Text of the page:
#BetterTogether: High and Low Tech Ways to Stay Connected With Students, Families

Fellow educators—well, we’ve certainly had a fun couple of weeks, right?  It’s an understatement to say that the coronavirus (COVD19) has rocked our worlds.

Virtual High FiveWhile you’re still in the midst of determining how your schools can continue to deliver education to your students, staying tuned for more emerging details (including how long your schools will need to remain closed, whether standardized testing will proceed, etc.), and feeding your most needy students, there is something that will remain constant: your relationships with your students.

First, while parents are in the process of learning how to home school their children, as educators, you are likely grappling with a number of emotions, and the first is probably missing your students.  While scheduled school breaks offer a needed reprieve from work duties, and leave you feeling energized when you return to the classroom, this unexpected (and undetermined) break has likely filled you with some anxiety, possibly some depression, mourning, and has also taken away a huge part of your daily purpose. All of these feelings can sap creativity and drive, and my hope is that the ideas I’m offering in this post will help inspire you and bring a little spring back in your step.  Whether you’re a school principal or a teacher, your relationships with your students is what is at the core of why they succeed, why they want to be lifelong learners, and why you’re an amazing educator.

How do you keep relationships with students going when schools are closed?

I’m going to spend the next few weeks curating some of the best ideas that will likely emerge across the nation, but I wanted to share some ideas with you now, in case it may help with your current efforts.  And, because your parents and students have varying access to the internet and computers, I’m offering both high and low tech approaches.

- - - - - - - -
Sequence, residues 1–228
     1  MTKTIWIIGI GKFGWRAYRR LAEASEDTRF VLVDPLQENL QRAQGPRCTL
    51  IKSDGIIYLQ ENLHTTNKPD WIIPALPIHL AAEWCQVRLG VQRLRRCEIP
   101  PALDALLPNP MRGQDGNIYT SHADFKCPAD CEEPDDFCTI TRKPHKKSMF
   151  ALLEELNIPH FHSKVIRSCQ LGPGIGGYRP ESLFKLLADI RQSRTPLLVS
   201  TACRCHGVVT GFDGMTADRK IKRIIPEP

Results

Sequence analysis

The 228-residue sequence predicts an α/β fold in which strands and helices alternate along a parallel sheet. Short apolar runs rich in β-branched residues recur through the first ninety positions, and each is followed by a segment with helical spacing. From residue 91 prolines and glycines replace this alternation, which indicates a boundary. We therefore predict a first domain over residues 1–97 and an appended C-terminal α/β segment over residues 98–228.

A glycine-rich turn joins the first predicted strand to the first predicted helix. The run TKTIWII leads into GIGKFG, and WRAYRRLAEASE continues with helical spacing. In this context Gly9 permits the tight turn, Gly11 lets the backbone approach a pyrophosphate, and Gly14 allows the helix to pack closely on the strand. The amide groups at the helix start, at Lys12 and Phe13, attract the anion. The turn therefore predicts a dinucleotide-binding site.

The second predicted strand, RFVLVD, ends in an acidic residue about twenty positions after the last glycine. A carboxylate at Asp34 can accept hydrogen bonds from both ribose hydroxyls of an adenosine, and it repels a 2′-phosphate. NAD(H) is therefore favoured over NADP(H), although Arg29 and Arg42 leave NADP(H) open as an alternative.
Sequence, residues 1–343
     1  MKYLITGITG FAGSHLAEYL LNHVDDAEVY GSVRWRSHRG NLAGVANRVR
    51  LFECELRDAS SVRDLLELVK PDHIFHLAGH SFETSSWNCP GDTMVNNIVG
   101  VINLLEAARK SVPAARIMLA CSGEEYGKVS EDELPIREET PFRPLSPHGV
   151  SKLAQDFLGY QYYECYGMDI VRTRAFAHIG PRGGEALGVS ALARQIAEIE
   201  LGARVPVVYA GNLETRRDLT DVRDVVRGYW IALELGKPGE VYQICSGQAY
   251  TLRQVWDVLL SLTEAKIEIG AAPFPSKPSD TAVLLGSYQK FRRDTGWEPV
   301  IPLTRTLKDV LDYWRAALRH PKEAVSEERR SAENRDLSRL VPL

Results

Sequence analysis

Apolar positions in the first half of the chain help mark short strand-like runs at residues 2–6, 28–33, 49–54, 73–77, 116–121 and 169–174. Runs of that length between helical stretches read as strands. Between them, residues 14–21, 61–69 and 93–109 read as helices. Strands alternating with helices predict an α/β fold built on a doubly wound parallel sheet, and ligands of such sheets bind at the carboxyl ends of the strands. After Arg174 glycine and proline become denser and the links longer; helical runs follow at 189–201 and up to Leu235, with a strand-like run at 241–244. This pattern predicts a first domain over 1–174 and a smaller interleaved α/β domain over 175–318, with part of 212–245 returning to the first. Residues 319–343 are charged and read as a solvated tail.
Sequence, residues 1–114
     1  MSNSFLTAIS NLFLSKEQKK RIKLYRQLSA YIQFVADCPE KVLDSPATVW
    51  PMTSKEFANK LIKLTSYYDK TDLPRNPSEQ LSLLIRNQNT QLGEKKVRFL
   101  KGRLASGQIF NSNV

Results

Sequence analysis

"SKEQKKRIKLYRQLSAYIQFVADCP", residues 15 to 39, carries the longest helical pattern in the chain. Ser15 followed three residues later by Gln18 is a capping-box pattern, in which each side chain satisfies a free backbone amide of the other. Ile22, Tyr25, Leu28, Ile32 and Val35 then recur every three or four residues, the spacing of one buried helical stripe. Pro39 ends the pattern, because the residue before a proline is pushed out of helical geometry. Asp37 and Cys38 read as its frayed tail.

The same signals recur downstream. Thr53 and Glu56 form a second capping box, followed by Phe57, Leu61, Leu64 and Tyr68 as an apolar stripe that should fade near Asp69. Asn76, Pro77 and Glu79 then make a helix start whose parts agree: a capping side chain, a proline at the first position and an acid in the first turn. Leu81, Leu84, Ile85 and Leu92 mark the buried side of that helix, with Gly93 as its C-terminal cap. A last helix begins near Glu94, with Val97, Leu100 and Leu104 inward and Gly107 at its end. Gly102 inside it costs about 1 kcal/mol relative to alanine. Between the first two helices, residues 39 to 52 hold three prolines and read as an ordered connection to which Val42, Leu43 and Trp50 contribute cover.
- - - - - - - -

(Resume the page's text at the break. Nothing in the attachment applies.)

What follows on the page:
Something to note: A lot of parents have smart phones…they may not have computers or wifi, but in a survey that I did of a high poverty district in California, 95% of the parents had smart phones.  Based on comparing notes with other school communication colleagues, this number is consistent across the state.  So, at the very least, most parents have some kind of access to online technology, but it’s also important to keep in mind the other 5% who do not.

Keep following this page for updates, and check in on my social media pages for more ideas.

Low-tech ways to stay connected with your students

  • Call them!  A personal telephone call is a great way for your students to get a personal touch from you, and for them to hear your voice.  It’s also a great way to check in with parents to find out if they have access to computers and wifi to determine ongoing tech needs.  If you’re comfortable, ask your students to give you a call, if they need to talk.  You may have some students who are in home or life situations who found school to be a necessary escape, and may need to have that check-in with you. Also use this as an opportunity to remind students and parents about community and district services that are available to provide food, health and other services.
  • Write them a letter: As long as mail delivery continues, writing your students a letter will be a wonderful, unexpected surprise in their mail box.  Check in with your school site or district regarding mailing the letters or getting reimbursed for your personal costs.
  • Email: A weekly/biweekly email to your students and their parents is a great way to stay connected.  Provide them ideas for continued learning and share some fun things you’ve been doing at home.

Hi-tech ways to stay connected with your students